Music, much like all art, has long romanticised toxic relationships, but in recent years it’s possibly been taken too far.
Georgia Hilton-Buckley dives into Lana Del Rey’s latest release, Chemtrails over the Country Club.
Music Monthly: February Favourites
Written by Harry Featherston Shame – Drunk Tank Pink Written and recorded shortly after their mammoth 2018 tour (which included a gig at the University’s very own O2 Academy), the hotly-anticipated sophomore album from London post-punk outfit Shame is a worthy successor to their acclaimed debut, Songs of Praise. The aftermath of that tour saw frontman Charlie Steen locking himself away (even before it became a legal requirement), and experimenting with his music in isolation as a reaction to the non-stop action of his life at the time. As a result, the lyrics here reach deep into the recesses of his mind, raising questions of identity and loneliness amidst an atmosphere of panicked claustrophobia, created by the frenetic guitar work of Eddie Green and Sean Coyle-Smith. Given the current state of the world, these themes will resonate with listeners more than the band probably intended, and the album sounds all the better for it. Sleaford Mods – Spare Ribs While blending elements of electronic, hip-hop, and punk, Sleaford Mods have gained a reputation for being …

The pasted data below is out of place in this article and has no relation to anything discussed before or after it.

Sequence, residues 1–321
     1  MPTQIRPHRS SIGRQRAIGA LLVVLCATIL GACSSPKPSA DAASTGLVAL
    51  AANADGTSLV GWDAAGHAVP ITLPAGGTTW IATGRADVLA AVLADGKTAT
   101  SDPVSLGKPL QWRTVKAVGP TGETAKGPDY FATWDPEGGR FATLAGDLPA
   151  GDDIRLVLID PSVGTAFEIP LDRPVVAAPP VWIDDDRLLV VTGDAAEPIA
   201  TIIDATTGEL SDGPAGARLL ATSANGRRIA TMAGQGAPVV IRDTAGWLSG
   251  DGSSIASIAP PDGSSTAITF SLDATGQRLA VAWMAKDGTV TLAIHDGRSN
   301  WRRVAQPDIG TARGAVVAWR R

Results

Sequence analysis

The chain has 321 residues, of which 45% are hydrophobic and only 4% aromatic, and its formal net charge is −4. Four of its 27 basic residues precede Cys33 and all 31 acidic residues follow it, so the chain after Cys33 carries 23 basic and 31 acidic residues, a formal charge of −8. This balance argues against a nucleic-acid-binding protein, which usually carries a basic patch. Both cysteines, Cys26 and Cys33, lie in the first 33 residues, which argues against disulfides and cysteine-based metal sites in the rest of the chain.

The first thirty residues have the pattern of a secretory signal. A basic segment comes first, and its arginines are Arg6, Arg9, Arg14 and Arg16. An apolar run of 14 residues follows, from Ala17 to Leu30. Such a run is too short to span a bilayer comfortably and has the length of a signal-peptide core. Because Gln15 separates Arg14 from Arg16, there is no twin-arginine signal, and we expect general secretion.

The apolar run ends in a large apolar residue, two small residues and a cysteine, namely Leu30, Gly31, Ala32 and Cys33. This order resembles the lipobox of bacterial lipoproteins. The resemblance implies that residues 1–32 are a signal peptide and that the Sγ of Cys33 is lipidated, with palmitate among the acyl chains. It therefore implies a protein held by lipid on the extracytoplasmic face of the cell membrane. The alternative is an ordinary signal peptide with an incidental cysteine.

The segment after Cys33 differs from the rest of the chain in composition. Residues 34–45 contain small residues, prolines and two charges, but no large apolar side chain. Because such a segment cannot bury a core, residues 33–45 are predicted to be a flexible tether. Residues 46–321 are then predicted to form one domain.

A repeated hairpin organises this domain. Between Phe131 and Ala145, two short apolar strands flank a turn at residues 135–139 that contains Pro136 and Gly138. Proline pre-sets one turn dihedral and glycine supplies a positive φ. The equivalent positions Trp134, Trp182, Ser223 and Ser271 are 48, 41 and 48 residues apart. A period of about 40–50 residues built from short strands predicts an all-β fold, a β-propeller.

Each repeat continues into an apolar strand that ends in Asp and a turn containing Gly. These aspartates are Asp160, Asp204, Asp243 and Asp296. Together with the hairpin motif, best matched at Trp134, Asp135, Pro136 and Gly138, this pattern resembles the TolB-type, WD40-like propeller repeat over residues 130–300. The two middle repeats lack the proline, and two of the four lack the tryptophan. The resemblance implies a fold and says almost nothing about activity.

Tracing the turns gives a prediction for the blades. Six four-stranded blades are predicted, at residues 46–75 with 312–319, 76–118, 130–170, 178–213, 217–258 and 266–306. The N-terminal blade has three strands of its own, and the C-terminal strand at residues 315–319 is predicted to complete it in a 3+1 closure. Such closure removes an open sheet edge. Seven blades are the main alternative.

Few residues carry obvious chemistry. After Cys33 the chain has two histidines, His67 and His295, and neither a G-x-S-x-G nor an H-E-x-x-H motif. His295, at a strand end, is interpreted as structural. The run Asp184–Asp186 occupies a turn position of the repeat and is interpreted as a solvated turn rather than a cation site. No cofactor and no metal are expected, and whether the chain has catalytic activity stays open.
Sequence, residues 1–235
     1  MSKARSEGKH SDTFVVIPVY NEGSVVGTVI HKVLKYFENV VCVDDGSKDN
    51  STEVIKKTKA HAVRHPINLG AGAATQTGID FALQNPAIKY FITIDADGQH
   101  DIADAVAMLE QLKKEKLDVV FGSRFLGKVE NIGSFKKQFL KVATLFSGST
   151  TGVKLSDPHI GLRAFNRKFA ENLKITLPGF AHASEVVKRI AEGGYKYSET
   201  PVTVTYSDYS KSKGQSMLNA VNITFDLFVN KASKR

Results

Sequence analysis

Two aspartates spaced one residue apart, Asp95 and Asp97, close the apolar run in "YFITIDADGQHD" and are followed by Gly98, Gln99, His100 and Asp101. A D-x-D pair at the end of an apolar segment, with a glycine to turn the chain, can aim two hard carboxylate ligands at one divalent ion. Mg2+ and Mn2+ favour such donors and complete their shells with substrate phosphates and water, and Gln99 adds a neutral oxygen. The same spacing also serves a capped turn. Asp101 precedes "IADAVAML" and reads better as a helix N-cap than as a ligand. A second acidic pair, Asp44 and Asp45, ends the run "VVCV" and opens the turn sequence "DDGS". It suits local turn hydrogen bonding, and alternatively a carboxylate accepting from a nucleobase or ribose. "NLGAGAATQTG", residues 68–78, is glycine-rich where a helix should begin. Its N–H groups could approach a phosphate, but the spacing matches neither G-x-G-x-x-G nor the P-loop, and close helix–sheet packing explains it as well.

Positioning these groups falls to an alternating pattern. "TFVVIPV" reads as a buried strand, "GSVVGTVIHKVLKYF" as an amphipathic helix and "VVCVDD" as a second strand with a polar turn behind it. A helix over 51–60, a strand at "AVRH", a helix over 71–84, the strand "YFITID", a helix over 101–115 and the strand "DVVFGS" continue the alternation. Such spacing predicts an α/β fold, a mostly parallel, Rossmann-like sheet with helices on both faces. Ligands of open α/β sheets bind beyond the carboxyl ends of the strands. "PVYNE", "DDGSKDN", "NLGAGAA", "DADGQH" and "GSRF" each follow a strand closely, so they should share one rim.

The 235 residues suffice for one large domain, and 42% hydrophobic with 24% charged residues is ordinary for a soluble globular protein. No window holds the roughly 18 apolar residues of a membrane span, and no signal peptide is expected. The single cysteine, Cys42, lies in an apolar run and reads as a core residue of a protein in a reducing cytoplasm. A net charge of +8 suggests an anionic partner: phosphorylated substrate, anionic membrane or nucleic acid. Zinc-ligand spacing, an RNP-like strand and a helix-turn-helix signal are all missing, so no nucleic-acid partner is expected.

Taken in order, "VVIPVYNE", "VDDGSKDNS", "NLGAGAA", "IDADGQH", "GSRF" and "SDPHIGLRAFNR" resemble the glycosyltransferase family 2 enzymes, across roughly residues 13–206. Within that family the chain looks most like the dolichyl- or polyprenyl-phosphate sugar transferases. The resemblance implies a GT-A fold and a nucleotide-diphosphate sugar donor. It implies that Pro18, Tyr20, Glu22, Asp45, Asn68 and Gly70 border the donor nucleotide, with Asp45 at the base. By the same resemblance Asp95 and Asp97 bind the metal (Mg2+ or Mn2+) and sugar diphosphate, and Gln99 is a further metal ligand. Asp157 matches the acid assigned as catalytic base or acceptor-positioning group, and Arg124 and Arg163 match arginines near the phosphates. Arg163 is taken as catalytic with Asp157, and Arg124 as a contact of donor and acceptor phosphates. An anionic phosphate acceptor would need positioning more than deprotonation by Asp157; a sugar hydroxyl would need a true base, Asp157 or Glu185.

Holly Aylward offers her top 10 escapist albums to get us through the last few weeks of lockdown.
Up and coming musician Ryan McMey discusses how lockdown has affected his solo career and what the future holds for him.
A look back at the tunes of 2020.
When Cardi B and Megan Thee Stallion released WAP in August 2020, there was two reactions: the empowerment of sexuality for anyone who identifies as a woman or non-binary, or that WAP was disgusting and that woman shouldn’t talk about sex in a liberating way.